So the doctor cleared me of having good health and in all of three minutes that he had talked to me you know offered some drugs to deal with high blood pressure and stress and I felt right back where I was when I left sport; ‘Here take a pill and we’re going to solve these problems’., and in three minutes – all of three minutes. How can this be a solution?
So somewhat serendipitously I was down in San Diego. I saw a TED talk by Doctor Eric Topol. And for you who don’t know Doctor Topol, he’s into this data driven health solution using numbers. Its data driven health revolution, promising to make us better, faster, stronger, call it living by numbers.
And I thought this is it. This is what we need, not only in health but I think in sport to because a lot of those things that we couldn’t quantify and understand as athletes is you know, how we were recovering at night when sleeping. You know he had the Zeo Sleep Tracker and some of these other tools. I talked to him right after the TED and said you know I want to do an experiment to see if I can get my health back, maybe start training again because this technology was fascinating.
So it was a one year experiment and it was looking at how to quantify sleep exercise diet and wellbeing to increase health and maybe performance. So I actually started riding again, and this led to a world record on the velodrome after getting my health back. And funny enough, the previous holder of this record had a lifetime ban for performance enhancing drugs. Because it’s thought that especially once when you pass your prime in your 30s and your hormones start to drop and you know it was believed that the only way you could succeed was to exogenously supplement those hormones, so this was really promising.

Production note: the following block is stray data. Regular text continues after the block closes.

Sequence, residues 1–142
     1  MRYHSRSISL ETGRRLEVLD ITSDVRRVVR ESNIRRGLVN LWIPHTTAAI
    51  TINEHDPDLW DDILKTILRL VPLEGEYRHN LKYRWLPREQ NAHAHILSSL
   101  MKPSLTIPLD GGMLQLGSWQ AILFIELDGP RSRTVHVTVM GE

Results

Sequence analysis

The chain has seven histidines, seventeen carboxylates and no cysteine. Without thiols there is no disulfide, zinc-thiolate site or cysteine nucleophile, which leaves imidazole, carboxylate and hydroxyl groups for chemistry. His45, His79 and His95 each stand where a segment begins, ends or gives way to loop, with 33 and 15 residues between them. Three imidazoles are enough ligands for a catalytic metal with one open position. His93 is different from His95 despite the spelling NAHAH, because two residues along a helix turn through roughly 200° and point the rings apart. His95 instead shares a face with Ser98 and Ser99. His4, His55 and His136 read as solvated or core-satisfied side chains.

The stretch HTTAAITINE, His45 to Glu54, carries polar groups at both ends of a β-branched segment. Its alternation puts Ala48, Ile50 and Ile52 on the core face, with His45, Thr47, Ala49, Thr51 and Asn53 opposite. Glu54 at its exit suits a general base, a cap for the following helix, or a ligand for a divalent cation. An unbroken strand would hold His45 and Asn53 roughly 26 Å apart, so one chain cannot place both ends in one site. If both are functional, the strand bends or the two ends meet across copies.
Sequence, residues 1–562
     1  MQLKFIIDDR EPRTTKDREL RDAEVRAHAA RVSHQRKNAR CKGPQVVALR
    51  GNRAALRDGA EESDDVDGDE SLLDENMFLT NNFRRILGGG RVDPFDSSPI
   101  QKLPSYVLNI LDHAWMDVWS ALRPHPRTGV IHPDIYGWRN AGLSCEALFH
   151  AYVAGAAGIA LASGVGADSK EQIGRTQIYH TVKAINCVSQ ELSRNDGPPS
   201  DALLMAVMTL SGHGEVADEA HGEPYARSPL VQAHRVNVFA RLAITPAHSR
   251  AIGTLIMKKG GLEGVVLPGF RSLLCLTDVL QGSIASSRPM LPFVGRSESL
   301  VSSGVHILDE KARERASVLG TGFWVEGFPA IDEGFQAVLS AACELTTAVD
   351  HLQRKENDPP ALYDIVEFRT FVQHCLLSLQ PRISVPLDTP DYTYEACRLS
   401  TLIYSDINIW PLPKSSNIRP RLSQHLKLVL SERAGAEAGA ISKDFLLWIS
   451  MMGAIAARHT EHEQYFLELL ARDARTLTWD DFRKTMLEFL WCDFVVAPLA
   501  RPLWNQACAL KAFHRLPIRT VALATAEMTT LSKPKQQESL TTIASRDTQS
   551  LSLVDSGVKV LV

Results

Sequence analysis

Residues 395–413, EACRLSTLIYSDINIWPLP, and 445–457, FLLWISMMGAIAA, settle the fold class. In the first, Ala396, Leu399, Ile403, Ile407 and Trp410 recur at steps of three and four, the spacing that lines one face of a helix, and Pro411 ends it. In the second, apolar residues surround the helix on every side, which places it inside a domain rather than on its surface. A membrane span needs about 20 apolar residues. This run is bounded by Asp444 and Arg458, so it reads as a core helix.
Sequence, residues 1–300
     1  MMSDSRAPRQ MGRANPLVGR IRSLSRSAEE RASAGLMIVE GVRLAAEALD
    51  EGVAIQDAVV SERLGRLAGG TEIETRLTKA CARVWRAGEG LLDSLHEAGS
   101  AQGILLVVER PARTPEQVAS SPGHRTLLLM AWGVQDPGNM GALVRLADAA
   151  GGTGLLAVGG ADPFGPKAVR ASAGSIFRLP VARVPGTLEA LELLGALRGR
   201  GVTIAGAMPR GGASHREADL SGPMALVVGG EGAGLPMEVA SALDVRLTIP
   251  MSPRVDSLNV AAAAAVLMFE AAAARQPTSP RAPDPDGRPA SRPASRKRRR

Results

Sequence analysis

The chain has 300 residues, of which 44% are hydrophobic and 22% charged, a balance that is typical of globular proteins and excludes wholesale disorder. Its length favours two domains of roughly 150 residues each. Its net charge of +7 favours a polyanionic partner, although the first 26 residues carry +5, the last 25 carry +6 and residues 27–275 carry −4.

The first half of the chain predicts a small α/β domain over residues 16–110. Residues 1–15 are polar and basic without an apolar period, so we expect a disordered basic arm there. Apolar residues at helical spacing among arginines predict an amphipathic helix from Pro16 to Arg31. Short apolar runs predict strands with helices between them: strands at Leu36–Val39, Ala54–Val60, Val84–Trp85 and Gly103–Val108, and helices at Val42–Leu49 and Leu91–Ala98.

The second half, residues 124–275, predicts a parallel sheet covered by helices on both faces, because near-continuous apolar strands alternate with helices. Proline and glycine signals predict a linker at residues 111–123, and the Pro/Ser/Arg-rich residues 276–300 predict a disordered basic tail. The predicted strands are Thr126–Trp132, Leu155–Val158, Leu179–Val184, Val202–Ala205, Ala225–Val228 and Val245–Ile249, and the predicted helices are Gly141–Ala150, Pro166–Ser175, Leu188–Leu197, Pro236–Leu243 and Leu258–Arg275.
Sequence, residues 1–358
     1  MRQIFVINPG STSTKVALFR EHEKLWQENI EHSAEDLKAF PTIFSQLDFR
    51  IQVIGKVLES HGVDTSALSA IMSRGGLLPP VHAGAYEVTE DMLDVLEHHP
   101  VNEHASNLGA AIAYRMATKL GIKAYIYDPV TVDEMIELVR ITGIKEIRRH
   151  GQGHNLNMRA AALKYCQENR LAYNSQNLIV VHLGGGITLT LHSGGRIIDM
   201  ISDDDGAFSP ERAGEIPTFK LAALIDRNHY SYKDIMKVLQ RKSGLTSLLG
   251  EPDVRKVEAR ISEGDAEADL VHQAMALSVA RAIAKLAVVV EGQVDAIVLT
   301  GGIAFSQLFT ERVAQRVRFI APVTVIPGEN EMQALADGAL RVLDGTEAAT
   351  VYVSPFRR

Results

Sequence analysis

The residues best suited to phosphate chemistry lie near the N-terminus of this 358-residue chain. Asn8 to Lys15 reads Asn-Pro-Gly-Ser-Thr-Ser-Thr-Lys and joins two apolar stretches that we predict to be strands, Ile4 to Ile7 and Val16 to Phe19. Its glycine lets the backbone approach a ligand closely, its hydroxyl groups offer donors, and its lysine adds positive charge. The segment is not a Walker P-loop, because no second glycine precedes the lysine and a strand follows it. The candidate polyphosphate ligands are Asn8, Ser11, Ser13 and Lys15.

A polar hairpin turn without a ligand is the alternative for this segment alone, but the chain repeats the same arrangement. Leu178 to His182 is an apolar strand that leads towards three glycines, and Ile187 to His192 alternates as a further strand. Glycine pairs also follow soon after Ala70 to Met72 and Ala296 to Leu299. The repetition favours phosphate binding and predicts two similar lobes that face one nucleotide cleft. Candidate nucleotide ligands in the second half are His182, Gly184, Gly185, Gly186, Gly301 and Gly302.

I was getting excited about competing in London. The problem was they didn’t send a men’s team. It was a dead end. I’ll get into the funding issues in a second, but my team mate, Jenny Reid called me asking she knew about this experiment. We talked and she did say they did qualify to go to London, but they were severely underfunded, and I thought maybe this is something that can help them out on a very low budget on this Quantified Self style you know experiment scale from n of one and maybe 3 n of one and there’s actually four.
So we agreed to fly out to Spain to help out this team, the problem was when we get there and there’s no staff. There was one member of staff on the ground; the coach, and typically you have you know 10 – 12 people and millions of dollars to go for an Olympic medal. So what we did – this is Brandon here, Jenny’s husband but we kind of bandied together on try to figure out to get this done.
We had an insight shortly after as to why we were in this situation. So this guy as we all know had actually worked with wealthy San Francisco investment banker to buy out the US Cycling Federation and reorganize it to put all of the funding towards men’s professional road racing. And the idea was really to eliminate the amateur programs which is track cycling; you have 10 medals. It’s kind of like swimming or track and field.
In the Olympics, road racing obviously there’s a lot of money there and a lot of sponsors. So I mean Armstrong was indicative of a much broader culture, and you see the top finishers on the Tour de France always got this, were either caught or were implicated all the way down. And I think a lot of these white spaces are likely candidates as well, they did the drug test, didn’t catch up.